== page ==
01 Apr April 3, 2019 – Family Businesses Tom Hubler, Disney Entrepreneurship Rob Mathews and Right Hiring Lisette Howlett
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Tom Hubler – President of Hubler for Business Families, Succession Planning, and Author of The Soul of Family Business: A practical guide to family business success and a loving family – Read interview highlights here
It is so important to talk about the idea of living a purposeful life. So that
consumerism is not what gives you happiness. Anything above a middle
class income does not increase your happiness.
When Tom Hubler began his family business consulting practice, he was one of few professionals addressing family-owned businesses in the United States. He integrates the notion of spirit in his work with family businesses and assists family business clients with succession planning, leadership development, business planning, board development and wealth preparation planning. In addition to consulting, Tom has served as a professional in residence at the University of St. Thomas in Minneapolis and served on the advisory board for the Center for Family Enterprise for ten years. Formerly he was an adjunct instructor at the University of St. Thomas., teaching Family Owned Business Management. Tom is a founding member and Fellow of the Family Firm Institute (FFI) in Boston. Additionally, he serves as a member of the editorial board of the Family Business Review, and has authored articles on success strategies for family-owned businesses and has been widely quoted in publications such as The New York Times, The Wall Street Journal, Business Week, Corporate Report, Nation’s Business, Inc. and StarTribune.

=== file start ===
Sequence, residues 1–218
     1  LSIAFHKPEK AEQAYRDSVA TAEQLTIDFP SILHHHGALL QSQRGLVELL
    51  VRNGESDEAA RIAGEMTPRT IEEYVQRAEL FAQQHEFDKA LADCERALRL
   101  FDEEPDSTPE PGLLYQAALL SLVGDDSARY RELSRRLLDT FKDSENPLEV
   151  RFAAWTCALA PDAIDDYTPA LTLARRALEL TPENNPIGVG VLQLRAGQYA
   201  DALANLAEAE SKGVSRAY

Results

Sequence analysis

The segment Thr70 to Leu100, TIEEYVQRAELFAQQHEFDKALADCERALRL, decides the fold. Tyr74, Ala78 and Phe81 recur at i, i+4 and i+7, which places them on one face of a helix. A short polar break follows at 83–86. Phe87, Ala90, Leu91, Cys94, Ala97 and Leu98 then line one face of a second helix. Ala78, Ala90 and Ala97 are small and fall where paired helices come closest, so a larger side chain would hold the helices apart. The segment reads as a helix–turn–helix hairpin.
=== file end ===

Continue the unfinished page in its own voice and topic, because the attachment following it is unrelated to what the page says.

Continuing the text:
Entrepreneurs need to know where their sweet spots are, and they need